In verse 31 – Amen, I say to you, tax collectors and prostitutes are entering the kingdom of God before you. – we find two terms: tax collectors and prostitutes, in Greek, respectively, telònai e pòrnai. Both are terms linked to the semantic area of buying, acquiring with money, purchasing, going to sell in faraway markets. Dishonest tax collectors together with prostitutes are then two categories of dealers.
Tax collectors and prostitutes are dealers of themselves. They are dealers following the interests of their heart, interests which, before they met Jesus, were exclusively the fruit of a challenge and abhorrence against God and life. And they represent us perfectly in all of this. But when they embraced salvation following the procedure of repentance - repenting can be translated in Greek as "to change and to invert what is dear to you", tax collectors and prostitutes are entering the kingdom before us.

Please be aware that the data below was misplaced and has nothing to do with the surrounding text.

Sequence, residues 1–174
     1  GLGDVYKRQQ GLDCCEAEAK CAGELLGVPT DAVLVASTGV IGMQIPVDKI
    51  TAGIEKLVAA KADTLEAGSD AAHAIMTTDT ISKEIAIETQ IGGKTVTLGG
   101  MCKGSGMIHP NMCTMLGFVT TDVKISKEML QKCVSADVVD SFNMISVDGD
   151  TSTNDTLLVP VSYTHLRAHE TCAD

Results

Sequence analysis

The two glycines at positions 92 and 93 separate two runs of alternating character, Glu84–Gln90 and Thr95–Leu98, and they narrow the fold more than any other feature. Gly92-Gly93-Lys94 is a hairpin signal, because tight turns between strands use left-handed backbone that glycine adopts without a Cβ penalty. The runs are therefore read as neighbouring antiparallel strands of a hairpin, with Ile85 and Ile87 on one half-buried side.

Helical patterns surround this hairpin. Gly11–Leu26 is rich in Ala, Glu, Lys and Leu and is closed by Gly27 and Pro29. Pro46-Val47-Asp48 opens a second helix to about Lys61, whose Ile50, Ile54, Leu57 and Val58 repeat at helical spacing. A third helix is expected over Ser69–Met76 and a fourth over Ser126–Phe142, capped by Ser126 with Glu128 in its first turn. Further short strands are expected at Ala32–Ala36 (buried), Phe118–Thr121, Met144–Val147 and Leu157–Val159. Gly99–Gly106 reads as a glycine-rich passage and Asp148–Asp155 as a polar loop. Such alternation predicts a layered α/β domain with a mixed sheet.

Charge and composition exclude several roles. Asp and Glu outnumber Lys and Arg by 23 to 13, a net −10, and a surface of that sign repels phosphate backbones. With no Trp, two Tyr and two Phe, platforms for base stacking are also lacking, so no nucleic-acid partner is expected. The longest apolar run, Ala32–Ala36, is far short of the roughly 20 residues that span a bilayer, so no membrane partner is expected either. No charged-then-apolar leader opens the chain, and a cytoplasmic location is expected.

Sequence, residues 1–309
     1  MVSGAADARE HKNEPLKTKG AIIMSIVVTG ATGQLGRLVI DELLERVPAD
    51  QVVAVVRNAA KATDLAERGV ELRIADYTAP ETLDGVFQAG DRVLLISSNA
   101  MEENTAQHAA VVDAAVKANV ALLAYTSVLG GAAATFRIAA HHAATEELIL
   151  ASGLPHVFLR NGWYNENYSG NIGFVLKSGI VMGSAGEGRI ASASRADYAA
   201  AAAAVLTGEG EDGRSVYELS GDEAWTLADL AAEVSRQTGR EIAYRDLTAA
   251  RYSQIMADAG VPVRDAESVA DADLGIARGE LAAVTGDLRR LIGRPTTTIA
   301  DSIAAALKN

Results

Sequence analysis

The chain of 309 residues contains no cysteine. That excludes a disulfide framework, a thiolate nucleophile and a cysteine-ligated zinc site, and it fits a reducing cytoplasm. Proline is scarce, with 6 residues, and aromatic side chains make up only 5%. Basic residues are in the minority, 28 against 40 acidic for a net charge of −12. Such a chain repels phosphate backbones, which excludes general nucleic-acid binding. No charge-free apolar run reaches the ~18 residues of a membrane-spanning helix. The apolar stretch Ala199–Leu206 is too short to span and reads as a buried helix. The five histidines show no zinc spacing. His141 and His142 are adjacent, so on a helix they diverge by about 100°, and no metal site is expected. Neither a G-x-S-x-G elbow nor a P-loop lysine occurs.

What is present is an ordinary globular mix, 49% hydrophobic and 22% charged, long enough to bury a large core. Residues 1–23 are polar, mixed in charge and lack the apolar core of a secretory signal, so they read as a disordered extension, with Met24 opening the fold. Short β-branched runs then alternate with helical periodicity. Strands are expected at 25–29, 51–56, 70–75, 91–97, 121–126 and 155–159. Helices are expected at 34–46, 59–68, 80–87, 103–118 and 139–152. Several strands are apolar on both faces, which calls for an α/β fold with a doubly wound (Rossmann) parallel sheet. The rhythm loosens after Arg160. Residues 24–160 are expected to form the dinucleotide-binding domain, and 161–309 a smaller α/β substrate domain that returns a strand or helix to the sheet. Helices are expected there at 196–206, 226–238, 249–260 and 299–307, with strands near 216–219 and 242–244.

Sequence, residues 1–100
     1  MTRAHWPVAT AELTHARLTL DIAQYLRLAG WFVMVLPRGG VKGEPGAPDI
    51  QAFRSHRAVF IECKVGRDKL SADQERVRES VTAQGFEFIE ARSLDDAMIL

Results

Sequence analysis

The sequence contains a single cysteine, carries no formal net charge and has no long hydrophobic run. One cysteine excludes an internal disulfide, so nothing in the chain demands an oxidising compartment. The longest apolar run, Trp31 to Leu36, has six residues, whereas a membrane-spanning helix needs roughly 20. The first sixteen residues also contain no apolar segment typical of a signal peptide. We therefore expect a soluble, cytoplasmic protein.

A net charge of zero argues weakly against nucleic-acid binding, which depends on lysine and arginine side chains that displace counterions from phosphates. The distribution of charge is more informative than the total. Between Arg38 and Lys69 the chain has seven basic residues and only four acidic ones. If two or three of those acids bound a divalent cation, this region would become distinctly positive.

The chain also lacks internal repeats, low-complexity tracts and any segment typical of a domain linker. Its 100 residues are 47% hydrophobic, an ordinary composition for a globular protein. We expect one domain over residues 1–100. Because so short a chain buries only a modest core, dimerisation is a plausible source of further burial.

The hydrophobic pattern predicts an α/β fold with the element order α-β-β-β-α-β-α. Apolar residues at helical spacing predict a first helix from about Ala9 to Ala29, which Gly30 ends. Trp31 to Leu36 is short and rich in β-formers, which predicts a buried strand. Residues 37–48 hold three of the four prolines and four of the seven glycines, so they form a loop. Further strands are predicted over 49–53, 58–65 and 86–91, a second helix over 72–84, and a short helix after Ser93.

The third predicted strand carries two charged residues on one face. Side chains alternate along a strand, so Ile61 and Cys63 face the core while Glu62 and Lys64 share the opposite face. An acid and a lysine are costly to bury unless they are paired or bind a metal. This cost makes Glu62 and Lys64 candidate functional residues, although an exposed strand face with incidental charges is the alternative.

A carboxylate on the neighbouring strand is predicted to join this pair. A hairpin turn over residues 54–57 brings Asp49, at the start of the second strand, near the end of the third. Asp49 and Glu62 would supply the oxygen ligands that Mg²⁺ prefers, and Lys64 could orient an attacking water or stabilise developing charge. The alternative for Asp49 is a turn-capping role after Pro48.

Why? Why have they understood that believing means precisely and immediately to change, repenting for their sinful lives in order to embrace another?
Dealers who are trained by experience to cleverly follow the interests of their hearts are ready to change and to invert what is dear to them in the face of the evangelical proposition for happiness and health.
Man does not have trouble in believing Jesus because it is difficult to believe in Jesus, but because even on an unconscious level man knows that believing in the Gospel means above all changing lifestyle, taking another path, changing actions, it means changing and inverting what one cares about. The two things are equivalent: if you don't feel like changing what you care about out of a challenge or abhorrence, you are not ready to believe in the Gospel. Only if you are ready to make a change will you have thirst to believe. The Gospel has to be made out as ridiculous to the extent that anyone desires to protect the interests of their heart. People do not have trouble in believing in Jesus out of a lack of faith but only and exclusively out of inner laziness and the desire to protect their inner dealings.